Thirty years have passed in Weyard, the world in which Camelot and Nintendo's Golden Sun
series is set. It feels a little like it's been that long since I played Golden Sun: The Lost Age
on the Game Boy Advance.
In reality, though, it's only been seven since The Lost Age originally graced shelves back in 2003, before we'd even heard of the Nintendo DS. Seven years just feels like an eternity, which is why I'd intended to replay the GBA games before the review copy of Dark Dawn
arrived. The glut of games to play this year kept me from achieving this, but as it turned out, I hadn't forgotten nearly as much as I'd thought I might have.
Golden Sun: Dark Dawn looks very different at first glance, having moved from tiles and sprites to oft-impressive 3D, but it didn't take me long to realize that this apple didn't fall very far from the tree of its predecessors. With few exceptions, it's obvious the world is still definitely constructed from tiles; you still can hop between platforms if there's a single tile space between them, for example. Most notably, you'll find that the game works best if you keep your stylus slotted and just use the d-pad and buttons like you always have. It's got the same feel as the originals, despite the graphical upgrade; it made me wonder at times if Dark Dawn may have even originally been a sprite-based game that was up-ported to polygons to meet changing expectations in the DS market.
In case you simply don't remember—or have never played—the original games, though, don't fret. There are a number of systems to keep you well-oriented in Dark Dawn. My personal favorite are these neat little animated sequences retelling the tale of the GBA games; search every bookshelf you come across to make sure you pick up all the books that these sequences are contained in. There's also an interesting wiki-like encyclopedia that highlights terms in conversations you may not be familiar with, both old and new; just tap an underlined word with your stylus or use a shoulder button to get a definition. This is optional, which may prove a good thing for the impatient: Dark Dawn continues the series tradition of conversations that tend to drag on forever, with characters constantly emoting—slowly—between what feels like every speech balloon. These conversations are already very lengthy, so it's good to know you can take shortcuts if need be.
In gameplay, one of the original series' key hooks was the use of magic ("Psynergy"), not just in battle, but also in the field to solve environmental puzzles. In Dark Dawn, these puzzles don't ever really reach devious levels—I remember beating my head against the wall much more firmly in the original games, particularly with rolling logs—but they're still fun. Most of the Psynergy you'll use will be immediately familiar if you've played the previous games, with a few new things to spice things up. Some of it may even drive vets a little nuts as you'll know exactly which Psynergy you need to get through a side path to pick up some treasure, but it's one you haven't unlocked yet.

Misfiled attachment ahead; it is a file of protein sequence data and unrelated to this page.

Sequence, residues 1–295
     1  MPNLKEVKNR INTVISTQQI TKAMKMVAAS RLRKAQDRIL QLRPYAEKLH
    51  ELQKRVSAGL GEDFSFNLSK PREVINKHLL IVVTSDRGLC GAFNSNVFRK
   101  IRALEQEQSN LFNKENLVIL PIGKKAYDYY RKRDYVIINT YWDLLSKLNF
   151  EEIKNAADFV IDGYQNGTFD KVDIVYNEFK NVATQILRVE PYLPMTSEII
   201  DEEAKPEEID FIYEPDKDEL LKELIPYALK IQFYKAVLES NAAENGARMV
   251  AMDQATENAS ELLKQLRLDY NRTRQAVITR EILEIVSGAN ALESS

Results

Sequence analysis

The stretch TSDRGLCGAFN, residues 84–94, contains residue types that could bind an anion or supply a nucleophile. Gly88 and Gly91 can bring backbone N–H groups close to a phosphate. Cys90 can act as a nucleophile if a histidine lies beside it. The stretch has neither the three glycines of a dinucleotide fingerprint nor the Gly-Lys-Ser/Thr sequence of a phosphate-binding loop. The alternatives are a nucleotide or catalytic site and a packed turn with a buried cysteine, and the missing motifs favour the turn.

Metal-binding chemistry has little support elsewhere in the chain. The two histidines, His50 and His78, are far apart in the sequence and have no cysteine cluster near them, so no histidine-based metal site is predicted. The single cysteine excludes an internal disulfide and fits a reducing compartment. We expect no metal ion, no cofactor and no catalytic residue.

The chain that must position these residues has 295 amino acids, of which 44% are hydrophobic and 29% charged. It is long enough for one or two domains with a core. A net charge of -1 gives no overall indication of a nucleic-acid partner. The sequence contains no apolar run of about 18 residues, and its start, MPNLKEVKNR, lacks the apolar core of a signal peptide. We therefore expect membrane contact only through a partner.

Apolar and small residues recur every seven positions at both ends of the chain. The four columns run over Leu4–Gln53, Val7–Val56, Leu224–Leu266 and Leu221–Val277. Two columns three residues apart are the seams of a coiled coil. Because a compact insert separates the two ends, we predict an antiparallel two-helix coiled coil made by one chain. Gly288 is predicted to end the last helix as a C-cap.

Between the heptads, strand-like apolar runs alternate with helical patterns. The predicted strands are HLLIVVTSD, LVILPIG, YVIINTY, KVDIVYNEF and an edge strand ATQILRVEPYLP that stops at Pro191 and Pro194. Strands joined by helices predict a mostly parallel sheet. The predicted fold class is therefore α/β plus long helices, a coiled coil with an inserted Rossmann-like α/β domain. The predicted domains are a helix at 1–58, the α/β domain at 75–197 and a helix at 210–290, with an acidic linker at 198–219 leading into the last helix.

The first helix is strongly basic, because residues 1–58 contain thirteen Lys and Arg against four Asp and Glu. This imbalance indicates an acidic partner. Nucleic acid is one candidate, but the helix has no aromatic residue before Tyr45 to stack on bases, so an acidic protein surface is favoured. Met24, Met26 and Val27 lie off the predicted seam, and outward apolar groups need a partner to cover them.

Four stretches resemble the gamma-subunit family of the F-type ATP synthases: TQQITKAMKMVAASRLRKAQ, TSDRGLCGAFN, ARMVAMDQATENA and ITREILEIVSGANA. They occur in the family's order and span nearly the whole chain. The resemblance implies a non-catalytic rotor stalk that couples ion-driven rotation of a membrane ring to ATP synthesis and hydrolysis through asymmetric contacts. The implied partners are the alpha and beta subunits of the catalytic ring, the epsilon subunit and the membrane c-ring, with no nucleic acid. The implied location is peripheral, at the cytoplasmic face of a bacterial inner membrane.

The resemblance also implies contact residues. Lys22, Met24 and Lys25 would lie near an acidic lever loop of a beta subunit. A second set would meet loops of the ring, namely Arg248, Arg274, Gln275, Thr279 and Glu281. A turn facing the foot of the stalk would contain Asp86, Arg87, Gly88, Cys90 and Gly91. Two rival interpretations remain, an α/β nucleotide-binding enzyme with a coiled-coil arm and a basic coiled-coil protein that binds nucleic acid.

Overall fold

Battle is again almost entirely the same as the previous titles, playing out in traditional turn-based fashion, with only a few minor additions. The game's other trademark, Djinn, the little elemental creatures that you'll find in towns (usually blocked by some sort of environmental puzzle) and in unmarked spots in the field, are back in familiar fashion as well. You can choose to either set them to your characters for stat boosts, mixing their elements up for class changes (does anyone actually do this?), unleash them in battle to use their effects (from attacks to healing and more), or combine them based on their elemental properties to summon visually-impressive legendary creatures. It's more than a little amusing to see, with the smaller summons, a legendary god smite your enemies with about as many HP as you would have done with your own sword; but if you've got enough of them on standby to summon, they can be rather effective. It didn't take long for me to settle into my old routine of unleashing and summoning and waiting for them to be set again, carving a path of destruction in the flashiest way possible.
These options add up to make the battles pretty fun, but they are really pretty stunningly easy. Couple this with the fact that Dark Dawn also calls forth the legacy of random battles that its predecessors relied on, and often battles just end up being an annoyance more than anything else. Thankfully, it seems encounter rates are intelligently toned-down in areas where you need to do a lot of Psynergy-based puzzling, but it's just so flat-out difficult to lose that I found myself sprinting through as much as I could just to avoid having to smack down another group of bats. Stacking one more complaint on the pile is the troublesome inventory system; you'll be "blessed" with all sorts of items usable inside and outside of battle, particularly if you're searching pots and barrels in town, but more often than not they're only really worth selling for some pocket change, since it's a piece of cake to get by exclusively on the fully-reusable Djinn and Psynergy. You'll have to sell off old crap a lot
, too, since you'll repeatedly be running into the limits of your pockets and shuffling items between your party members is a chore.
Dark Dawn ends up a nice revisitation, but probably just a little too attached to the past. Even Dragon Quest
has done away with random battles now; it's probably time to ditch that particular aspect, especially with the heavy environmental puzzling element—and some speed-up in the conversations department would be very helpful too. I don't know if we'll ever see another entry in the series, but if we do, I hope Camelot and Nintendo work on modernizing its systems a bit. But it's still a good time, particularly for fans with fond memories of the original games. Dark Dawn is proof that you can
go home again.